Rivals Claim Throne In Papua New Guinea

Papua New Guinea’s political impasse continues even though Michael Somare was reinstated today as prime minister by Governor-General. Peter O’Neill, the rival, is still in Government House claiming that he is the country’s rightful leader.

Since August, Mr O’Neill was the prime minister. This was after MPs voted for Sir Michael to be replaced. Sir Michael had been unwell for several months in Singapore following heart surgery. On Monday, the Supreme Court of PNG ruled that Sir Michael’s removal was invalid as the position was not vacant.

He should therefore be reinstated. Yesterday, Parliament re-elected Mr O’Neill. He had on Monday pushed through a Police Cordon at Government House with his support MPs. Australian diplomats were threatened and jostled by police. Sir Michael, who held the post of prime minister in Australia for 16 years, was reportedly the one who set up the Ela Beach Hotel in Port Moresby to form an alternative parliament.

Below Are The Reactions Papua Of Experts

Many are at stake in the Papua New Guinea crises resulting from the Supreme Court’s December 12th 2011 decision stating that the August 2nd, 2011 Parliament’s removal of Michael Somare (PM) was invalid.

PNG’s government control allows for wealth and power. However, it also means that the resources necessary to support the outcome of the 2012 national elections are in PNG’s hands. Supporters of Somare may not be able to win the presidency because of his serious health issues. The stakes for the PNG population are greater, with the potential to endanger the constitution.

Most media reports emphasize the Supreme Court’s decision that Somare was not constitutionally remove from office. This view appears to have won the Governor-General (G–G), who, on the morning 14th December, recognized Somare as PM and swore in his Cabinet.

These developments ignore arguments for O’Neil’s rights to be PM. Monday 12 December saw Parliament pass retrospective amendments to PNG’s Prime Minister Act and National Executive Council Act. These acts were intend to correct the flaws in O’Neil’s August appointment as PM. The Constitution of PNG states that Parliament is the supreme body and is subject to the Constitution. The Supreme Court ruled that the amending law had changed the status quo.

Reserve Powers Under Papua

The G-G shouldn’t have been call upon to solve the problem, as it has no reserve powers under the PNG Constitution. It must instead act only on advice and in accordance to the advice of another authority. The Parliament is the authority that appoints a PM. If Parliament has passed legislation to correct the Court’s defect, it is probable that the G-G should have followed the decision of Parliament.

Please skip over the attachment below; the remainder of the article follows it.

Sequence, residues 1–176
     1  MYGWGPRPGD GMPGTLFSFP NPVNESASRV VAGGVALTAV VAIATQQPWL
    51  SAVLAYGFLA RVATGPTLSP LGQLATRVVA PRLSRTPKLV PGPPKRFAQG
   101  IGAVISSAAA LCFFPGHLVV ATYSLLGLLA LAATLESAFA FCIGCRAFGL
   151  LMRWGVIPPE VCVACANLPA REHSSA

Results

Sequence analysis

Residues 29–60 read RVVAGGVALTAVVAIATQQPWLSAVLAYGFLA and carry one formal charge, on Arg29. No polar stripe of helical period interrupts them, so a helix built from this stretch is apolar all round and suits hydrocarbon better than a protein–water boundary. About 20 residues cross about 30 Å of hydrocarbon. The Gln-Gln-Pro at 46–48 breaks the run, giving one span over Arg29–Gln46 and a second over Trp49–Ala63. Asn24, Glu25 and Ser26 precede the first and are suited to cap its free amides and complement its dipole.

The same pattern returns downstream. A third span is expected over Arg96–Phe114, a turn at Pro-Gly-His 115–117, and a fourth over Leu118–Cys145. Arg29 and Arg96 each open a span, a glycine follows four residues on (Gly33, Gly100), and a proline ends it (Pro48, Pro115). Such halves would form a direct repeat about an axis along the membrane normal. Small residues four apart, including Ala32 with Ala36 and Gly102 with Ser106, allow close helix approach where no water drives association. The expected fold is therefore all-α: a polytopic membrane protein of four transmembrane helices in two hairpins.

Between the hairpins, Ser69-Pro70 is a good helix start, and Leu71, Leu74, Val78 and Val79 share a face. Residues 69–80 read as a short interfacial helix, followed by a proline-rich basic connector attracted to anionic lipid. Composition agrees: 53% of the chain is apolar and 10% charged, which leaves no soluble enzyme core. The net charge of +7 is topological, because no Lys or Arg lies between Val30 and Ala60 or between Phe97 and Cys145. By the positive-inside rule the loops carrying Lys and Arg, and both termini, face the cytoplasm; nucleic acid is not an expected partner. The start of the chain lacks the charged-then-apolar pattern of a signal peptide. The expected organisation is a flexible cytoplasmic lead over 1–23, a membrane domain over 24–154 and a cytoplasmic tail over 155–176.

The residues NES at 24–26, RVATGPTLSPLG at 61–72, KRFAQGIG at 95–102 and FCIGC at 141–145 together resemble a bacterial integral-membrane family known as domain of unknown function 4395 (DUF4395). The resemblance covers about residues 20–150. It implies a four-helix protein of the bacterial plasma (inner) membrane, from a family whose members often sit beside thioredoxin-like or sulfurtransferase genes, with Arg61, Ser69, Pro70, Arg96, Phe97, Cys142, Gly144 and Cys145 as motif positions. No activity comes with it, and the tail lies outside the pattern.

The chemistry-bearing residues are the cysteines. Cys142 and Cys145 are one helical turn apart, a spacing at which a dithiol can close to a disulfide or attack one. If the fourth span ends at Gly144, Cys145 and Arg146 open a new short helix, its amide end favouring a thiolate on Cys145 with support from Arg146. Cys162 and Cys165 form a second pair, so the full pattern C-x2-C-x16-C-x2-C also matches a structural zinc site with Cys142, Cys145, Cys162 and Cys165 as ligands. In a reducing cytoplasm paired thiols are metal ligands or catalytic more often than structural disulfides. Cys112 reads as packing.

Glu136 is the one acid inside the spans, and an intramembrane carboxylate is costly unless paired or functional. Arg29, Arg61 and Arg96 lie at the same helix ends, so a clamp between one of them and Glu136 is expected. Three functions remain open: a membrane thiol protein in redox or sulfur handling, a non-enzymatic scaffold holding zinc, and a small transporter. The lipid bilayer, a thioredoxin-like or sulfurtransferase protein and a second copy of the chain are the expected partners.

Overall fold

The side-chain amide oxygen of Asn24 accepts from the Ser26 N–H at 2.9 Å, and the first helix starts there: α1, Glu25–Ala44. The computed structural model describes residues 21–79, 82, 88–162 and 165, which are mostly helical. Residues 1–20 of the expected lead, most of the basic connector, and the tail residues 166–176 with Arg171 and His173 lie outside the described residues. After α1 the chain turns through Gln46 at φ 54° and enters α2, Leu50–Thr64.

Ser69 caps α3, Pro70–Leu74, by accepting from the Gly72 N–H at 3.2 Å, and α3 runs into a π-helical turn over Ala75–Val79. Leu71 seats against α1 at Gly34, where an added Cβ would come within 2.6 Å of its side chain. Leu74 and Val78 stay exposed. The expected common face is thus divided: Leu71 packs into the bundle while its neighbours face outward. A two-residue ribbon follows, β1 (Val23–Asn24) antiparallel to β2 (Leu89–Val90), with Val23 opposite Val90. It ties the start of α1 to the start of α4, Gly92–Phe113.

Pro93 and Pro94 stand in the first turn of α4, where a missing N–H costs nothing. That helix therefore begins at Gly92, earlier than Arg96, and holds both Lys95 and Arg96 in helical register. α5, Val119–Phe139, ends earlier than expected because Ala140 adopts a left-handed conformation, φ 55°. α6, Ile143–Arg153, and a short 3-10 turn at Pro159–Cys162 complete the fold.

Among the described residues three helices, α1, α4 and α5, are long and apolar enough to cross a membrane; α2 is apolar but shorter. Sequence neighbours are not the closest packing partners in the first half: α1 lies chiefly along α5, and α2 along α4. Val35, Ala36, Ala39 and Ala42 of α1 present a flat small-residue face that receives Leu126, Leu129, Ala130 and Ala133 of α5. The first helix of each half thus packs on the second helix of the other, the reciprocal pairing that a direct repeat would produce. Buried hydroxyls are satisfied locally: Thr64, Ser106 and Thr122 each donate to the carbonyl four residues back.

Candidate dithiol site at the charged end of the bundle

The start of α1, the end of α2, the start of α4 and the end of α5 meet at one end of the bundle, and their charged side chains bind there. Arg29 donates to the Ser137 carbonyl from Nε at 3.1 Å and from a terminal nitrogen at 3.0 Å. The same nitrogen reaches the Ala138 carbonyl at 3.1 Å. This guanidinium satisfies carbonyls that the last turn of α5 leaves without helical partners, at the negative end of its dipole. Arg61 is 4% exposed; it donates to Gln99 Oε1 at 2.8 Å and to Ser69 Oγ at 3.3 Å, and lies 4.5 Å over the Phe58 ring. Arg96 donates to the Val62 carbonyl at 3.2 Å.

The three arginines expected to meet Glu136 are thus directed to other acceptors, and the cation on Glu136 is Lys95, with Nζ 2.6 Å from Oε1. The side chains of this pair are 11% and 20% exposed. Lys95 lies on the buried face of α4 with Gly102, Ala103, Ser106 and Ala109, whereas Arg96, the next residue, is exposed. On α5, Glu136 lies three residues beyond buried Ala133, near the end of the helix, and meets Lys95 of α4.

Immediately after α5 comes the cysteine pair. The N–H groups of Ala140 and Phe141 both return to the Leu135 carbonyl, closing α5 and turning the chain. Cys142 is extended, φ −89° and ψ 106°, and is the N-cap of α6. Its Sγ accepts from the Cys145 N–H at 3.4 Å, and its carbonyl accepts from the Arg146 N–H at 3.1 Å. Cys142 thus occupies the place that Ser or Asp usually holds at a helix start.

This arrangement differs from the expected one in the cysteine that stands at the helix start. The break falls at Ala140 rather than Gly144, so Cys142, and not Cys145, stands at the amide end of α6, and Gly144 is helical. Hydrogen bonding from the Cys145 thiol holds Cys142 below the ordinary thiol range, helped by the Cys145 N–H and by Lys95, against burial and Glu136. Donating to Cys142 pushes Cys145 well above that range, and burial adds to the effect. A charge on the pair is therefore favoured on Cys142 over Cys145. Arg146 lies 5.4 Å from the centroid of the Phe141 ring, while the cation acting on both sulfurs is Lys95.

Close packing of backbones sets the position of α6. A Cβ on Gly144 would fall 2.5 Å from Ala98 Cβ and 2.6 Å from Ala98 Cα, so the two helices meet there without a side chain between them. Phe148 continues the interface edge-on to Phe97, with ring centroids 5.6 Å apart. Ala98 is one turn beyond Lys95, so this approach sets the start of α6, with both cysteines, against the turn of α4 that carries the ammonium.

There are grounds to challenge Monday’s constitutional validity. However, such issues should be decide by the Supreme Court and not the G-G. In an ideal world, Somare would have asked the Supreme Court for a declaration of invalidity to end the situation.

Both sides are at risk because they believe they have a constitutionally valid power. O’Neil has a strong majority in Parliament, while Somare has Supreme Court support. Both sides will find it difficult to retreat.

Supreme Court Is A Respected

PNG’s Supreme Court is a respected institution that has been able to resolve constitutional Papua crises. All sides have accepted its rulings. The Court’s current situation is worrying in that it has become so involved in the controversy that it may be unable to help resolve the changing situation. This would have grave implications for the long-term.

The most dangerous aspect of the situation, however, is the politicisation, division and support for both sides by significant factions within the Police. The risks of violence increasing dramatically, and dangerous precedents set.

The PNG constitution and political systems are more resilient than outsiders think. People of goodwill, whether from the church, NGOs, or within political factions, tend to be more encouraging than those who are not. The task of moderating influence will prove difficult given the stakes for these two main groups. Outcomes remain unpredictable.

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